Orange peels could be made into biodegradable plastic

Sep 26, 2011 By Bryan Nelson

Plastic waste is one of the worst forms of trash because it takes so long to degrade, thus overflowing our landfills and polluting our oceans and waterways. But what if we could make plastic from a recycled, natural, biodegradable source?

That's the idea behind a new technology developed by British scientists that uses to turn plant-based waste, such as orange peels, into eco-friendly plastic, according to London's The Independent.

Researchers have created a partnership with the juice-making industry in Brazil and have launched the Orange Peel Exploitation Company to demonstrate the technology on a large scale.

"There are 8 million tonnes of orange residue in Brazil. For every orange that's squeezed to make juice, about half of it is wasted," said James Clark, professor of at the University of York in the U.K., and developer of the new approach. "What we've discovered is that you can release the chemical and energy potential of orange peel using microwaves."

The technique works by focusing high-powered microwaves on plant-based material, transforming the tough cellulose molecules of the into volatile gases. Those gases are then distilled into a liquid that researchers say can be used to make plastic. The process works at 90 percent efficiency, and it can be used on a variety of plant waste beyond orange peels.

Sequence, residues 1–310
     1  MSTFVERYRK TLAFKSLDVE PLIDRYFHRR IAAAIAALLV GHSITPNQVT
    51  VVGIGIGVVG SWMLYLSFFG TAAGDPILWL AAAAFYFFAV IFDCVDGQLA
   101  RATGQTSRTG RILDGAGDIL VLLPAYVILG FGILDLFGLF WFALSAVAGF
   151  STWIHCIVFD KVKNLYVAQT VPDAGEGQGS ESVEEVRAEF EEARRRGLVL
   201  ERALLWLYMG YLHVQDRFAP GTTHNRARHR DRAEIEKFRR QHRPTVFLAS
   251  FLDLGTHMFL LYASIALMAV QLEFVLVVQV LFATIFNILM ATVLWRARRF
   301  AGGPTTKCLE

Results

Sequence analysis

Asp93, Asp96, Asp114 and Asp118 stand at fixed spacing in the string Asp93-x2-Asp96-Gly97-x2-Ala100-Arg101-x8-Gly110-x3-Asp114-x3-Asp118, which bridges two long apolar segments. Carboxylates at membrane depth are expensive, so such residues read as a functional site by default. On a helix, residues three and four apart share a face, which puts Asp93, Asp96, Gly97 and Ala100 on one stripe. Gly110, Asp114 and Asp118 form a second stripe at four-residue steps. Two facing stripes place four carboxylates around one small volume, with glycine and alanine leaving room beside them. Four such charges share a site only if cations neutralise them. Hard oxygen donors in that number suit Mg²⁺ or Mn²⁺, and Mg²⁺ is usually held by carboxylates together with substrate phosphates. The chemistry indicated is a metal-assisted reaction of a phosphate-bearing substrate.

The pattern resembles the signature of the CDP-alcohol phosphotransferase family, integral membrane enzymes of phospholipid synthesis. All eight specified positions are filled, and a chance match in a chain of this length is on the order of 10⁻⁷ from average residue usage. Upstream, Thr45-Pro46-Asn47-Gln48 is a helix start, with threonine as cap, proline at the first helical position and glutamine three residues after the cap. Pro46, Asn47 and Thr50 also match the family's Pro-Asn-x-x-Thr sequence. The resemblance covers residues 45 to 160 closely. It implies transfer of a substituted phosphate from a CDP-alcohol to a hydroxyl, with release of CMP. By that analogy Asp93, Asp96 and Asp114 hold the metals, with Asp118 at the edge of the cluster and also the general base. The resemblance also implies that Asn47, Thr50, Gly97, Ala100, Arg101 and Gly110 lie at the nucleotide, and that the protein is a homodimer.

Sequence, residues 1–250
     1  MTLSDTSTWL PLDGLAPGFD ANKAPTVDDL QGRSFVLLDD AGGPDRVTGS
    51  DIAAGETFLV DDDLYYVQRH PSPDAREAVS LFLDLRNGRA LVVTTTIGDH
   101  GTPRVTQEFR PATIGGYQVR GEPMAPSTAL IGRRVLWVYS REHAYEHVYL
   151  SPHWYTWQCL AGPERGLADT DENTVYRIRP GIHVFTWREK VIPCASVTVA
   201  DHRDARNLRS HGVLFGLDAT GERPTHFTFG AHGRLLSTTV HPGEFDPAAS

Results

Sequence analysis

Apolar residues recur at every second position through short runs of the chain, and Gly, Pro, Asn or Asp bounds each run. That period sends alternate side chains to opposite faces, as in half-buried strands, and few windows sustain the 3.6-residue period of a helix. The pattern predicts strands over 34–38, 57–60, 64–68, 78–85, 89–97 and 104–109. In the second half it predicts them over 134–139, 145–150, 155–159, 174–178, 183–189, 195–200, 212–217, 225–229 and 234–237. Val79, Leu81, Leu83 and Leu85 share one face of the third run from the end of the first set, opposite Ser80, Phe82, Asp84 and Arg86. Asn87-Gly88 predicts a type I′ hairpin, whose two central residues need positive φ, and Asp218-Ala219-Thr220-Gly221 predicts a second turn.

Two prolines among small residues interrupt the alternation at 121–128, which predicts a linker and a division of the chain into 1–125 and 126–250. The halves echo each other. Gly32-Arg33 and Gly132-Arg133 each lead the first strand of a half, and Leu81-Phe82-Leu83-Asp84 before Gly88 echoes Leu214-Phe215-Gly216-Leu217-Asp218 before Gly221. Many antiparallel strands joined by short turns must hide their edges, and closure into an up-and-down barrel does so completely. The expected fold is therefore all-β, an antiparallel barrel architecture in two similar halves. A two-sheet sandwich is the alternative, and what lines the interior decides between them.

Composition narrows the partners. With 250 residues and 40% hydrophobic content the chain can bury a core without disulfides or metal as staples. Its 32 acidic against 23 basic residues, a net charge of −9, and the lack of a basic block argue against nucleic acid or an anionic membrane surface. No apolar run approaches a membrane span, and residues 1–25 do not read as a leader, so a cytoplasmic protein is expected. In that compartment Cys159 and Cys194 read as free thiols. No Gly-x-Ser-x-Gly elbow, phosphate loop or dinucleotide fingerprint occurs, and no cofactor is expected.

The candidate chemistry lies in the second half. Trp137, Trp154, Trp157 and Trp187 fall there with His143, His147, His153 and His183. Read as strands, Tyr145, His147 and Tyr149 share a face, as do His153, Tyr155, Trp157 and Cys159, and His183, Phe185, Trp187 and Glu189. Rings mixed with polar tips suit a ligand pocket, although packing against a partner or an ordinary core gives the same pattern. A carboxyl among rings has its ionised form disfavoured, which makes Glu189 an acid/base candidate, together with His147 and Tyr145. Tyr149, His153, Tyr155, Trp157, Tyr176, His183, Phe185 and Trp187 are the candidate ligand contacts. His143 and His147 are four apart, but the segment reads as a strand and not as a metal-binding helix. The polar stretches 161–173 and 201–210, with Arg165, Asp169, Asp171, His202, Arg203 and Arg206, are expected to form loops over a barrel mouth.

Orange peels are particularly good for this technique because they are rich in a key chemical, d-limonene, which is also an ingredient in many cleaning products and cosmetics.

"The unique feature of our microwave is that we work at deliberately low temperatures. We never go above 200 (degrees Celsius). You can take the limonene off or you can turn limonene into other chemicals," he said. "It works really well with waste paper. It can take a big range of bio-waste material," Clark said.

The of this technology goes beyond developing a more . It also recycles plant waste which is normally discarded. Farmers, factories and power stations that deal with a lot of excess biomass could be a few of the beneficiaries.

"We are talking to farmers who are already concentrating a lot of biomass for palletizing before going to power stations about the possibility of locating a facility in one of these centralized units," Clark said.

Explore further: Liquid helium offers a fascinating new way to make charged molecules

More information: © 2011, Mother Nature Network.
Distributed by MCT Information Services

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